Icewine is a world-renowned style of wine that can only be crafted under specific -8 degree to -10 degree C temperatures, for which the cool Canadian climate is ideal. But to many, Icewine remains a bit of a mystery drink — they see a type of wine with deep colours in a skinny little bottle that they aren’t used to seeing on the wine shelves in the liquor store. It looks different than a typical bottle of wine, so questions are raised about how it should be stored, serving temperature, pouring etiquette, proper glassware and what should be enjoyed with it.
An expert in Icewine is Winemaker Scott McGregor at Lakeview Wine Co. whose Lakeview Cellars Cabernet Franc Icewine won a Gold Medal and Best Value distinction at the 2017 InterVin International WineAwards. Scott shares his quick guide on 7 things to know about Icewine:
How is Icewine made?
Making Icewine is a detailed and complex process that starts during harvest when the winemaker decides which grapes are going to be left on the vines until winter’s deep freeze hits. There they will stay until late December or January — exactly when they are picked is determined by Mother Nature when she graces the vineyard with three or four days where the temperature stays below -8°C. The grapes, which now resemble little frozen marbles, are hand-picked and pressed while frozen to extract a small amount of sweet, concentrated nectar — typically yielding about 15% of what those grapes would have produced had they been picked during the earlier table wineharvest. F ollowing the unique harvesting procedures, Icewines are then fermented and aged in the same process as a regular dinner wine. The Icewine is then bottled in their signature tall bottles and the sweet treat is ready to enjoy!
How do I store my Icewine?
Icewines will keep for several years stored in the right conditions — on a slant to keep the cork wet, away from vibrations and with a consistent temperature around 12-15°C. But as with any table wine, not all Icewines will benefit from aging, and that all depends on the varietal selected. Chardonnay, Cabernet Franc and Merlot Icewines should be enjoyed while still young while something like a Riesling will age nicely. Once the bottle is opened, you should enjoy it within three to five days.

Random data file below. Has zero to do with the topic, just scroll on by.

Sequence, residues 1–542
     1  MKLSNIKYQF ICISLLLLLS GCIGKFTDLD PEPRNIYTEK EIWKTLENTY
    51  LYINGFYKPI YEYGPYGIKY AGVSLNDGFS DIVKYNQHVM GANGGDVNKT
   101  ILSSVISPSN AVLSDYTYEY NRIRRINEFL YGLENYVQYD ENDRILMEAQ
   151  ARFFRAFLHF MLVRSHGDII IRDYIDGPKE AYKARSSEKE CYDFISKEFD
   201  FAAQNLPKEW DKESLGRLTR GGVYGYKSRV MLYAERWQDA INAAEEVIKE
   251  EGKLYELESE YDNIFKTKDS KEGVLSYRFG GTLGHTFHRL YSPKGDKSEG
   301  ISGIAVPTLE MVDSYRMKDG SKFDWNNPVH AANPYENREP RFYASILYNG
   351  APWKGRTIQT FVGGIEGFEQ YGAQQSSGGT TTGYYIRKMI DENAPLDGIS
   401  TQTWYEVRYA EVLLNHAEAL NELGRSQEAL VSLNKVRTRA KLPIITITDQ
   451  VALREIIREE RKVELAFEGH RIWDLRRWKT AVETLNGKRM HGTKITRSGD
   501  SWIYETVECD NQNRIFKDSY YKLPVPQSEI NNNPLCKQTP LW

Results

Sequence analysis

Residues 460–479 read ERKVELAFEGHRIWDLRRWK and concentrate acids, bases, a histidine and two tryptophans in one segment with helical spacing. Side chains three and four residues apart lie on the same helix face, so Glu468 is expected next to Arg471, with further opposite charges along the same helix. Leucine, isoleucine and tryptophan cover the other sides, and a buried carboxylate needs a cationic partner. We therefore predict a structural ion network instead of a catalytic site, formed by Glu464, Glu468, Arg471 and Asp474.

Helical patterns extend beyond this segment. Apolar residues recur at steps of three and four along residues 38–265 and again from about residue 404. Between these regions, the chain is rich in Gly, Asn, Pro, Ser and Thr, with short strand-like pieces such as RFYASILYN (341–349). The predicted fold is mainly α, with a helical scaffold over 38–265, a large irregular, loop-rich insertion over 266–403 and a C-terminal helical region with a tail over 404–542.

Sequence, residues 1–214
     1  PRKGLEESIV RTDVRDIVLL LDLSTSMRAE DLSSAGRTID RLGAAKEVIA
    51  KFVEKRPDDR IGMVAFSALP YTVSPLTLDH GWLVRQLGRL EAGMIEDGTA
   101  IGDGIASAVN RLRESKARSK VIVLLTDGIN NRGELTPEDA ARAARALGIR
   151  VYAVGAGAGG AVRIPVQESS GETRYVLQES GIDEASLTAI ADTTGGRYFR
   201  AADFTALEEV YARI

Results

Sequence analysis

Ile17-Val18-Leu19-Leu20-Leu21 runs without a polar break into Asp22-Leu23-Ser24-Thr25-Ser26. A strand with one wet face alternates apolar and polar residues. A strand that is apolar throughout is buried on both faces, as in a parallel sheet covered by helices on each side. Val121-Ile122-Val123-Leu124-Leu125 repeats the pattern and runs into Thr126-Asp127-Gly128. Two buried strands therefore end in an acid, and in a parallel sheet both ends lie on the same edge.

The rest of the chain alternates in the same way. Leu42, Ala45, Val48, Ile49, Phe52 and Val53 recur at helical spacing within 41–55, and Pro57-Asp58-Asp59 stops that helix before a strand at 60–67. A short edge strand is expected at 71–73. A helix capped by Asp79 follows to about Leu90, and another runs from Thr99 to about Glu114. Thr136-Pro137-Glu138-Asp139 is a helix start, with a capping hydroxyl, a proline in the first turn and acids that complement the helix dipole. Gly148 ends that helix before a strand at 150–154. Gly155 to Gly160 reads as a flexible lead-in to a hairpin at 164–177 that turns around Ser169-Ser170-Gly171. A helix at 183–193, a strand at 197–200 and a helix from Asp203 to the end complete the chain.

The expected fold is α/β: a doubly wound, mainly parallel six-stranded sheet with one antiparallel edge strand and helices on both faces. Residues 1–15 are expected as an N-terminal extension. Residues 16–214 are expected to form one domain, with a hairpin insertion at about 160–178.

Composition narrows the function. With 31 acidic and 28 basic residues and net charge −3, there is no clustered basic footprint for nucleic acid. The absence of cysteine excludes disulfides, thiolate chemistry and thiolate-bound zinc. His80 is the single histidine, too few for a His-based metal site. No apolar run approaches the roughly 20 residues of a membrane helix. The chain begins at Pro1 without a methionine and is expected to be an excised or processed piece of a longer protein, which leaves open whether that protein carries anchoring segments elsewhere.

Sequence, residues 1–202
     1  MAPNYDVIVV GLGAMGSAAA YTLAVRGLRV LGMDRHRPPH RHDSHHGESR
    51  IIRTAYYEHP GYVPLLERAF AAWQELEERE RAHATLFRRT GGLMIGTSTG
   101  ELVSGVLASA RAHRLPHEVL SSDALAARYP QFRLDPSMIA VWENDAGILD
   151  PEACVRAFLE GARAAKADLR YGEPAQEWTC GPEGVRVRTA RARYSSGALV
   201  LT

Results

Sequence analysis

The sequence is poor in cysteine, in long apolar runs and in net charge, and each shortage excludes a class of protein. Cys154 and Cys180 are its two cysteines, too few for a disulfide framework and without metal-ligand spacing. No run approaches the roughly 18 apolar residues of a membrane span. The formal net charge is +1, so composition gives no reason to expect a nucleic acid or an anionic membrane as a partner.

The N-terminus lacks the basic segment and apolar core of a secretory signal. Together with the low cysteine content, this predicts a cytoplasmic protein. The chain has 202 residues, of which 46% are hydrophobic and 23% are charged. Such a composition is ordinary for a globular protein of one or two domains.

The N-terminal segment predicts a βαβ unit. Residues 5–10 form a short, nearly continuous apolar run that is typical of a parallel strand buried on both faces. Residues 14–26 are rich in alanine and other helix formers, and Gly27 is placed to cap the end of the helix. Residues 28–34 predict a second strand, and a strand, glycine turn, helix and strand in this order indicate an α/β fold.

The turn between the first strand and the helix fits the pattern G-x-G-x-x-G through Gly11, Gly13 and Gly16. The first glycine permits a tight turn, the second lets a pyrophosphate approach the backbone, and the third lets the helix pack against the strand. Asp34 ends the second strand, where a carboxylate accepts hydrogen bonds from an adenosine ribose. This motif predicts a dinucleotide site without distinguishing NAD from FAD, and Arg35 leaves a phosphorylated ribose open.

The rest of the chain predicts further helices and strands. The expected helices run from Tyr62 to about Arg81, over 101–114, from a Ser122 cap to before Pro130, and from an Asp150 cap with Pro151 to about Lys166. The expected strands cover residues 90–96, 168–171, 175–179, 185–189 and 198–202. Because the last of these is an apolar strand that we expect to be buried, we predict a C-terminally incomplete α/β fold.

How do I serve Icewine?
Icewines are ideally enjoyed chilled between 10-12°C, so if you are taking out of the cellar it may need some time in the fridge. And not just any fridge mind you. You need a fridge that is capable of getting as low as 10-12 C. It’s always worth reading these reviews from Materialist and getting a fridge that’s capable of these low temperatures. Too warm and it will lose its crispness; too cold and it cuts the aroma. Due to how sweet and rich an Icewine is, about two ounces per glass should suffice.
When do I pour it?
There is a stereotype that Icewine is a dessert wine and should be held to the end of the meal. And while it is great as a dessert, it also matches well with seafood or other main course dishes that involve something caramelized.
What kind of glass is best?
Ditch the skinny dessert glasses. To fully enjoy the aromas of Icewine, use a standard white wine glass that will allow the wine to breath and give you space to swirl the wine before enjoying it. Pro tip – chill the wine glasses in the fridge for 10 minutes before pouring the Icewine in.
Do I have to drink it straight?
Absolutely not. A splash of Icewine is a great addition to a cocktail or to add a little something extra to a glass of sparkling wine.
What should I pair it with?
If you are enjoying your Icewine with dessert, the first rule is you don’t want the dessert to be sweeter than the Icewine. If you have a white, enjoy it with fruit-based desserts while red Icewine is exquisite with dark chocolate. They are also ideal with a variety of cheeses — blue veined, triple cream, goat cheese, washed rind cheeses, aged cheeses, salty parmesan. If pairing with a main course, go spicy — Thai, Indian, Mexican or Creole. It’s a nice balance to the sweetness of the wine, and may help cool off a burning palate.
For more information, visit lakeviewwineco.com.